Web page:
To follow up on my earlier post, here is yet another interesting difference between Open Document Format (ODF) and Notes rich text
Differences in Drop Shadow (and related items) for Tables
In both ODF and Notes rich text, you can specify a shadow for a table. They even look pretty similar:
Figure 1: Simple shadow on a table added in OpenOffice.org Writer
Figure 2: Simple shadow on a table added in Notes client
although the Notes shadow is a fuzzy one and a bit darker gray. Both ODF and Notes allow you to specify the depth of the shadow as well, but ODF goes a good bit further. For example, what if the light casting the shadow is coming from somewhere other than above and to the left? ODF allows any of the other corners to be shadowed:
Figure 3: Alternate corner shadows in ODF
But the difference does not stop there. What if the light is a different color? In ODF, you can have tables with varying colors for the shadow, such as this lovely sample:
Figure 4: Alternate color shadow in ODF
But, not surprisingly, there are different features that Notes has that ODF does not support. For example, both Notes rich text and ODF can support varying cell borders widths and colors, and the color can be separate between the shadow and the cell borders, but Notes rich text also allows a separate border around the entire table. For example:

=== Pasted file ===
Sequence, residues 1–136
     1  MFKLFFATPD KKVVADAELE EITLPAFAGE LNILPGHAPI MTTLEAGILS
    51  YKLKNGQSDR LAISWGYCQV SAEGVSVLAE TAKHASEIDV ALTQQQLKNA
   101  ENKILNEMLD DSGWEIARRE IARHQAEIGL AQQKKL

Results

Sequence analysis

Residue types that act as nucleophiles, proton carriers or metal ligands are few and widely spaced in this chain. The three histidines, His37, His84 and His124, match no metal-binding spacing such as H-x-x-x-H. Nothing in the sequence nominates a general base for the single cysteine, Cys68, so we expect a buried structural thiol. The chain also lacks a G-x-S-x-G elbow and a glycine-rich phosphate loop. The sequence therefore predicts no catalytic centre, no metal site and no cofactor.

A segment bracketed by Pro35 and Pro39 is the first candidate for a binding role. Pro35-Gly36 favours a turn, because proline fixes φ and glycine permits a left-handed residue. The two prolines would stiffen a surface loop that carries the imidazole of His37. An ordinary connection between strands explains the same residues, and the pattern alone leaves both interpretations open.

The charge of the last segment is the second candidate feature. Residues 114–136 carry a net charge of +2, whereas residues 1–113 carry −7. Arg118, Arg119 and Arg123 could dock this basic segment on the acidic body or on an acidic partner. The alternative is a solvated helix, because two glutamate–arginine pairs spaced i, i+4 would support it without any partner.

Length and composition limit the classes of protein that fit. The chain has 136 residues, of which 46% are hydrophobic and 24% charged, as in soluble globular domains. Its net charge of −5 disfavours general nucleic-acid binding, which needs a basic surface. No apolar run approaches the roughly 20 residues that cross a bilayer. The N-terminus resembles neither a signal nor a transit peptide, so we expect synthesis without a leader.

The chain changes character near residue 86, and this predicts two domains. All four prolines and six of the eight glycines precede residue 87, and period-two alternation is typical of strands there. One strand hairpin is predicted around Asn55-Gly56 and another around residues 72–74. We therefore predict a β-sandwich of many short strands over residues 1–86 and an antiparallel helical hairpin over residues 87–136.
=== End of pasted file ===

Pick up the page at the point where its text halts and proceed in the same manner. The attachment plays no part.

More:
Figure 5: Different table border and cell borders in Notes
The real issue, of course, is not what cool features each of the two formats supports, but how the heck to translate between the two. What should happen when one of the tables in Figures 3 or 4 are imported to Notes rich text? What should happen when the table in Figure 5 is exported to ODF? To show that these questions are not academic, let's take a look at the ODF table in Figure 4, copied and pasted into Notes 6.5.3 (I have no idea if this changes with other versions, but will find out):
Figure 6: The table in Figure 4 coped from OpenOffice to Notes
Ouch! We have lost the size, the drop shadow and, obviously, any color. But let's see if things are any better going the other direction. Here is the table in Figure 5 copied into OpenOffice:
Figure 7: The table in Figure 5 coped from Notes to OpenOffice
Ouch again! The width is maintained, but the drop shadow, background color, cell border thickness, cell border color and table border are all gone.
A conversion between Notes rich text and ODF, or between ODF and Notes rich text, is fraught with difficulty, but could definitely be done with more smarts than the copy and paste. By the way, this is slightly different than my first post about list differences, because it is not clear that the ODF format prevents more compatibility. The only certain thing is that OpenOffice.org Writer and Notes have these incompatibilities. I will update this post if I discover ways to accomplish better compatibility with ODF than OpenOffice.org Writer allows, but these are the limitations which are likely to be found in the ODF compatible word processor to be added in Hannover.
Copyright © 2006 Genii Software Ltd.
Tags: ODF Rich Text